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Home / Opinion / Letters to the Editor: A matrimonial site for IITians is grossly elitist

Letters to the Editor: A matrimonial site for IITians is grossly elitist

Readers write in from Calcutta, Nadia, Nainital, Guwahati, South 24 Parganas
Assam Chief Minister Himanta Biswa Sarma(L) shakes hands with Meghalaya Chief Minister Conrad K Sangma after signing an agreement to resolve the 50-year-old pending boundary dispute between their states, in the presence of Union Home Minister Amit Shah, at North Block in New Delhi, Tuesday, March 29, 2022.
Assam Chief Minister Himanta Biswa Sarma(L) shakes hands with Meghalaya Chief Minister Conrad K Sangma after signing an agreement to resolve the 50-year-old pending boundary dispute between their states, in the presence of Union Home Minister Amit Shah, at North Block in New Delhi, Tuesday, March 29, 2022.
PTI Photo

The Telegraph   |   Published 03.04.22, 12:21 AM

Screened out

Sir — A matrimonial website, IITIIM Shaadi, has come under fire for catering only to the alumni of premier institutions like the Indian Institutes of Technology and the Indian Institutes of Management. The site insists that intellectual parity is key to companionship. This is grossly elitist; intellect, after all, cannot be measured solely by a degree from a premier institution. It also reduces the search for a life partner to a superficial endeavour. Several other matrimonial sites are guilty of catering to specific demographics. Ironically, these sites can screen snobs out of the marriage market.

Srija Munshi,
Calcutta

Historic resolution

Sir — The governments of Assam and Meghalaya must be lauded for resolving decades-old boundary disputes in six out of 12 contentious areas (“Meghalaya, Assam in border pact”, Mar 30). The memorandum of understanding signed by the two states also paves the way for ironing out differences in the remaining six disputed regions.

The two states have adopted a symbiotic approach — Meghalaya and Assam will each get a near-equal share of land. This could serve as a template for solving other disputes in the region. Assam is embroiled in boundary disputes with most of its neighbours. One hopes that this agreement will encourage peaceful settlements of other such disputes.

S.S. Paul,
Nadia

Sir — The Northeast has long been restive, hindering its development. The amicable resolution of some of the border disputes between Assam and Meghalaya must thus be lauded. It may bring peace and stability to the region. Border troubles in the Northeast are the legacy of colonialism. The British made vague and arbitrary divisions for their own benefit, deepening the fault lines among different communities. These problems persisted even after the boundaries were redrawn post-Independence.

While the Assam-Meghalaya pact is the right step forward, other challenges still remain. The security of the region should be entrusted to the state police rather than paramilitary forces. This will instil confidence in people.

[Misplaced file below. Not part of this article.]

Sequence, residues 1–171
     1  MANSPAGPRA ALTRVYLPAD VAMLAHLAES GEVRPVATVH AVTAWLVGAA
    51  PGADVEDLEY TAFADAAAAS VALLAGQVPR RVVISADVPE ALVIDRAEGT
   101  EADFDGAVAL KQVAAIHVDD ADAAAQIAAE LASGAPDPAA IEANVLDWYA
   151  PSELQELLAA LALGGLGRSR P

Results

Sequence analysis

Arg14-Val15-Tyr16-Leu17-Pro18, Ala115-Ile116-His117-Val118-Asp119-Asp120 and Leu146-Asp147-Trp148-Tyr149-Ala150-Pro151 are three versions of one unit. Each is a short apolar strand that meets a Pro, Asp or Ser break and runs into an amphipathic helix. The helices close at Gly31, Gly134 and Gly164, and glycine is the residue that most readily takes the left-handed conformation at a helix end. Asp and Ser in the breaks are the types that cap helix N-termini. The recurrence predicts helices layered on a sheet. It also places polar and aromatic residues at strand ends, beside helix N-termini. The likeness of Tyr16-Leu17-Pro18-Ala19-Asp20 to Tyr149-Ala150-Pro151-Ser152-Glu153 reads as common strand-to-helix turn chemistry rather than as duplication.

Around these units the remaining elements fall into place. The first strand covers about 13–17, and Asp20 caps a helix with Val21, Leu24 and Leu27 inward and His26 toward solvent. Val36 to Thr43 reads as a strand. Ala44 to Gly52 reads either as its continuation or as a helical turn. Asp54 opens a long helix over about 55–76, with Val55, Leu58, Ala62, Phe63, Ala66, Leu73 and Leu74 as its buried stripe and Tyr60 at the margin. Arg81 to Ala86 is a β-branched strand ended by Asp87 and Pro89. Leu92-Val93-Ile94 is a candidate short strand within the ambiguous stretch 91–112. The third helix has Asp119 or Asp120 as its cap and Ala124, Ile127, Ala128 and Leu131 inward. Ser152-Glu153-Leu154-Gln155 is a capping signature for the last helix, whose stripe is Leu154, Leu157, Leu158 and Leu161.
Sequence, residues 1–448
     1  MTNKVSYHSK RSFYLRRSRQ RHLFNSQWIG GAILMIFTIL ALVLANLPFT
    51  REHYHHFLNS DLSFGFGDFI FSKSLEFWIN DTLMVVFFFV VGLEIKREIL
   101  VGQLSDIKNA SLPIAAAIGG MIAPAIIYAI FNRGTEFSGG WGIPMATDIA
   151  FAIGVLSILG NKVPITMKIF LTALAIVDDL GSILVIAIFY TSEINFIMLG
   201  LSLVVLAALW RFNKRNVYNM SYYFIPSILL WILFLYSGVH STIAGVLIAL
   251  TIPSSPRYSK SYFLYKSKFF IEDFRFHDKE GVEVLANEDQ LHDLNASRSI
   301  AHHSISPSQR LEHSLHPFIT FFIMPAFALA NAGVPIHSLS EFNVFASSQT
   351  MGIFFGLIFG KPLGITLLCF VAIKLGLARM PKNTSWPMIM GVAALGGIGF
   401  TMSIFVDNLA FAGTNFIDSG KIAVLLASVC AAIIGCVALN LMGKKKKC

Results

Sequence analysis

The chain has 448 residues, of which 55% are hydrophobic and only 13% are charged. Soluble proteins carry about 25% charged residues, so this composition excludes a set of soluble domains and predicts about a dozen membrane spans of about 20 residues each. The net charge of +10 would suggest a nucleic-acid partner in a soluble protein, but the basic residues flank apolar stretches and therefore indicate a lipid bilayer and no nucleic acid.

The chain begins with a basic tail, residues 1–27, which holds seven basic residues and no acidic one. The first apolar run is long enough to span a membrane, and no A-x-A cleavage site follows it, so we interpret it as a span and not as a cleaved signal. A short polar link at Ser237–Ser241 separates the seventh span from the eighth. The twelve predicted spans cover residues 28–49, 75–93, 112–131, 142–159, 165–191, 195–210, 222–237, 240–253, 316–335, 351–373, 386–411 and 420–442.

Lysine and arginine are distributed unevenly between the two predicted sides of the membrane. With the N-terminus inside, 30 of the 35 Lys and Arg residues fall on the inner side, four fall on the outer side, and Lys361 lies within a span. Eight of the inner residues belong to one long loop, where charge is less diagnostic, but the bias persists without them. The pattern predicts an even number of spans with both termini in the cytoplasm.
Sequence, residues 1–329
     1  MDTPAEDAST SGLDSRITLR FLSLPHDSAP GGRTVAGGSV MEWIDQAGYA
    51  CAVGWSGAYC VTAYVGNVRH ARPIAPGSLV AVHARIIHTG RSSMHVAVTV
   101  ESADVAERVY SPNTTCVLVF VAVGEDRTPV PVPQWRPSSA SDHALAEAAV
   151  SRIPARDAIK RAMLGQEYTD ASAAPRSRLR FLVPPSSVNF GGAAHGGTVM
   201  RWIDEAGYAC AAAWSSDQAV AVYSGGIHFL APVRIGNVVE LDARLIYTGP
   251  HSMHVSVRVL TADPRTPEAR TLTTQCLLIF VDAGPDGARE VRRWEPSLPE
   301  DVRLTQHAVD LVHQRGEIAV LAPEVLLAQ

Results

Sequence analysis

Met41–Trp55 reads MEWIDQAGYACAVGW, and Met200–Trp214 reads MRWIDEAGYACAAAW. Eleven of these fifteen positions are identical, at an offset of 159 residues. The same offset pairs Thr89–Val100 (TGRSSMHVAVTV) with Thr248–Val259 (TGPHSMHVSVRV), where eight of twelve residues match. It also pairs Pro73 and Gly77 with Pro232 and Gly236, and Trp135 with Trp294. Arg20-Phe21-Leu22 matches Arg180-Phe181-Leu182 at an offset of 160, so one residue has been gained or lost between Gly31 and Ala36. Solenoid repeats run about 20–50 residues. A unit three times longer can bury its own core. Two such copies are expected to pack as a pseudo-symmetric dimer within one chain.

Vijay Singh Adhikari,
Nainital

Sir — The local people in Assam and Meghalaya — especially those living near the borders — must be consulted before taking any decisions that affect their lives.

Satyaki Sinha,
Guwahati

Serious charges

Sir — A single-bench judge of the Calcutta High Court, Justice Abhijit Gangopadhyay, has accused a division bench of the same court of curbing the power of his bench (“HC judge criticises division bench”, Mar 31). Gangopadhyay alleged that the division bench, comprising Justice Harish Tandon and Justice Rabindranath Samanta, had interfered by staying his order in a case related to corruption charges against the School Service Commission. He sought the intervention of the Calcutta High Court and the Chief Justice of India.

It is rare to see a single-bench judge expressing such grievances. But the rift within the judiciary hints at bigger problems. The incumbent government at the Centre has been accused of trying to influence the judiciary. In this case, similar charges could be levelled against the West Bengal government. The judiciary must take steps to reaffirm its independence.

Jahar Saha,
Calcutta

Tight spot

Sir — The article, “Pensioner gasps in pincer grip” (April 1), highlights the plight of retired people and the impact of inflation and fuel price hikes on their daily expenses. Pensioners depend on the retirement corpus to meet their needs. But falling interest rates and rising costs of living have drastically reduced the real value of the pensioners’ savings. While the Central government revises its pension schemes regularly, banks and private companies do not do the same. This is unfair.

Ashoke Basu,
South 24 Parganas



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